WASHINGTON, DC, June 26 -- The US Pipeline and Hazardous Materials Safety Administration has proposed a rule designed to implement distribution integrity management programs (DIMP) for natural gas utilities and other local distributors.
The proposed programs would be similar to those which the US Department of Transportation agency has proposed for interstate gas pipelines but would be tailored to reflect differences in and among distribution systems, PHMSA said in a June 25 Federal Register notice. Both programs are designed to make systems safer by identifying and reducing pipeline integrity risks, it indicated.
Under the proposed rule, operators would be required to install excess flow valves on certain new and replaced residential service lines, subject to outlined feasibility criteria. Based on required risk assessments and enhanced controls, it also would establish standards and procedures permitting risk-based adjustment of prescribed leak detection survey and other intervals for gas distribution pipelines, PHMSA said.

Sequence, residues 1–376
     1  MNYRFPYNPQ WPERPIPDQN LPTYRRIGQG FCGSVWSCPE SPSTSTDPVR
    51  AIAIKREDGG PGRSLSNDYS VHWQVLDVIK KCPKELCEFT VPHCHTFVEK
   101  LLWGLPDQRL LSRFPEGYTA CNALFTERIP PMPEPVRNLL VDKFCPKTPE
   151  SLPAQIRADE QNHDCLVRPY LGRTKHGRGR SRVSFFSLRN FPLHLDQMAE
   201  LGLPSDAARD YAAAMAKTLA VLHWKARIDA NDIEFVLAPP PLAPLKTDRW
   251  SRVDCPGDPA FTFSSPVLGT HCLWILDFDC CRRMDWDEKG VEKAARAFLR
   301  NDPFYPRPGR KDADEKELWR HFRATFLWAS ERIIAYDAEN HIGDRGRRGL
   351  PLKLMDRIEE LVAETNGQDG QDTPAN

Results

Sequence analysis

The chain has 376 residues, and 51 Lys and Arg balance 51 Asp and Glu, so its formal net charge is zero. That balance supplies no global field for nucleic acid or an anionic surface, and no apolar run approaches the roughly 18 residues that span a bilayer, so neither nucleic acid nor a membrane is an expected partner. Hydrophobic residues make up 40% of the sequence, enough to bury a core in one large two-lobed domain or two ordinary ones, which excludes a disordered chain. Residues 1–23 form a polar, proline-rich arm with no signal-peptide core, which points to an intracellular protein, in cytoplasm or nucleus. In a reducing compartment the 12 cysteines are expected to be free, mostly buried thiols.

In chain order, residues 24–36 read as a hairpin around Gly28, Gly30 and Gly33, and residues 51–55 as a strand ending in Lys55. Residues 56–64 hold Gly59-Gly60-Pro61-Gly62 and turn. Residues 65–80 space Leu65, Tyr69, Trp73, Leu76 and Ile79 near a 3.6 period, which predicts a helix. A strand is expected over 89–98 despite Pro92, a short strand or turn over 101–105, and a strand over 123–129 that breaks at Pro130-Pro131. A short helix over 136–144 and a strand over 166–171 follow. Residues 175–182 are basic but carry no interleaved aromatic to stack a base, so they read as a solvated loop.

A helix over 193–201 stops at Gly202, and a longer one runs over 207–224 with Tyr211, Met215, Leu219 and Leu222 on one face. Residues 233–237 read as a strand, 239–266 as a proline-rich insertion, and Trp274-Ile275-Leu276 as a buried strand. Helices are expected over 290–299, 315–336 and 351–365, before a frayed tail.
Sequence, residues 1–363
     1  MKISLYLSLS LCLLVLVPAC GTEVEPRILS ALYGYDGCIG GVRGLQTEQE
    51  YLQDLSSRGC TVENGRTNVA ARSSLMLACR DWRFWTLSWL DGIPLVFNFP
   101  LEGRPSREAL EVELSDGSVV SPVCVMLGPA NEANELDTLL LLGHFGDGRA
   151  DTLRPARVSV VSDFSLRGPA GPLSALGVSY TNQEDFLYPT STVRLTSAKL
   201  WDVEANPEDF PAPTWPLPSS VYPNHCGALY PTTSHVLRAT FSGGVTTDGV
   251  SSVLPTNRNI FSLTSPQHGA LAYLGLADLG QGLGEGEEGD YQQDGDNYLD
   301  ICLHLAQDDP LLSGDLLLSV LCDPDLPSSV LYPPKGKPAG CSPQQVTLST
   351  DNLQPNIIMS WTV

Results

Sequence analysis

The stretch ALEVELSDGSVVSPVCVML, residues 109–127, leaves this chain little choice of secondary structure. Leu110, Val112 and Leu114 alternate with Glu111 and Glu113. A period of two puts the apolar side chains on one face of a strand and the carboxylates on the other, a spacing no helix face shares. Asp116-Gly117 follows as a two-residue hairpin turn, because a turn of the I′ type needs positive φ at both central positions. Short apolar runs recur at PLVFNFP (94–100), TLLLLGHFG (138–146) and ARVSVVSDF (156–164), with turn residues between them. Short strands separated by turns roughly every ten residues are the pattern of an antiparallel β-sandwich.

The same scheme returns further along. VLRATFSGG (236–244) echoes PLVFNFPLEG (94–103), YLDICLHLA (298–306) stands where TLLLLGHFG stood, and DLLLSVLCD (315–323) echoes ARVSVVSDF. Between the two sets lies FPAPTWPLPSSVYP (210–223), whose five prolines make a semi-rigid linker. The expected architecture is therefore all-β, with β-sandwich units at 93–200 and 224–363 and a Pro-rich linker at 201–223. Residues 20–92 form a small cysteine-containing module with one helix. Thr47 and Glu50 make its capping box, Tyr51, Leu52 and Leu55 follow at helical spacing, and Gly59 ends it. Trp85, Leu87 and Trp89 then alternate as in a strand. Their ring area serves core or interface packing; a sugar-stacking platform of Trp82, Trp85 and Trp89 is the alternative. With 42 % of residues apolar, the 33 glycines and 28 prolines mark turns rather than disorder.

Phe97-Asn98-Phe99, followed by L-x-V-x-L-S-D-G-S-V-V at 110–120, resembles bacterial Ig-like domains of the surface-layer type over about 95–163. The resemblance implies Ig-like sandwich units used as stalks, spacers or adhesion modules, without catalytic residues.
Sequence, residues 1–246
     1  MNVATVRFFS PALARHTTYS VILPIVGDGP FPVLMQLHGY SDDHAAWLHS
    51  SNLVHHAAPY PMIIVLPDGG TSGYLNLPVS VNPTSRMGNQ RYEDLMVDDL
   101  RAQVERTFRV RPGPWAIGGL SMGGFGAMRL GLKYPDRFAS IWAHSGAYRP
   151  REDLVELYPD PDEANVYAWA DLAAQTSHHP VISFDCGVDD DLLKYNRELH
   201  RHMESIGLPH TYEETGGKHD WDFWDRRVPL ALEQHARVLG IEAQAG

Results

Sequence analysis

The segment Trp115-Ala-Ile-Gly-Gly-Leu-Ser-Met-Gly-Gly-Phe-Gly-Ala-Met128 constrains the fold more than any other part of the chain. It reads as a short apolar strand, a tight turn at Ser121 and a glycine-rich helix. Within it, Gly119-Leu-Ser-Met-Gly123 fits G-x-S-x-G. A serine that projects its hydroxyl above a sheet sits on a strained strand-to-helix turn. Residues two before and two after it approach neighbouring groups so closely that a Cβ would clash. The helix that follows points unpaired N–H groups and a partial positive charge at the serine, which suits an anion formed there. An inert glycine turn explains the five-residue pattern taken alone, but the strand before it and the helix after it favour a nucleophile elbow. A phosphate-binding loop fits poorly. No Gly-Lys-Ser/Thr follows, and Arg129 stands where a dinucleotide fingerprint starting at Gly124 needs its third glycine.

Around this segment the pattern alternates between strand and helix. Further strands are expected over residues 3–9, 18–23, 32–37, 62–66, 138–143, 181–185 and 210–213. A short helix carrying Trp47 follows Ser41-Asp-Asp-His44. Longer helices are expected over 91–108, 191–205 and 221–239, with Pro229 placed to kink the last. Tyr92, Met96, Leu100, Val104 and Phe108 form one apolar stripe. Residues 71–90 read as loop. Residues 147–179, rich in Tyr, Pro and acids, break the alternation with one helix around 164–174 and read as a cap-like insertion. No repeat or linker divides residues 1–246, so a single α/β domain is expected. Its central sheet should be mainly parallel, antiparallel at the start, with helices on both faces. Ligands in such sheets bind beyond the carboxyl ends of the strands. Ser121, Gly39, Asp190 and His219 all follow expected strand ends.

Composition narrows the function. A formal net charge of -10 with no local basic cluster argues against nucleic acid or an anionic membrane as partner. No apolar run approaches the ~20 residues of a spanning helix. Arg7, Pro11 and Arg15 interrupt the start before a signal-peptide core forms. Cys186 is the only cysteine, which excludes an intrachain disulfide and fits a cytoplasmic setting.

It added that to further minimize regulatory burdens, the proposed rule would establish simpler requirements for master meter and liquefied petroleum gas operators because their smaller pipeline systems pose fewer risks. PHMSA is accepting comments on its proposal through Sept. 23.
In an initial reaction, a spokesman for the American Gas Association, which represents 202 local gas distributors said that the overall approach and most of the proposed requirements are "very consistent" with the DIMP Phase 1 Report and a study by the American Gas Foundation. PHMSA plans to hold a series of informational webcasts, which can be reached through its website, in lieu of public meetings, he added.
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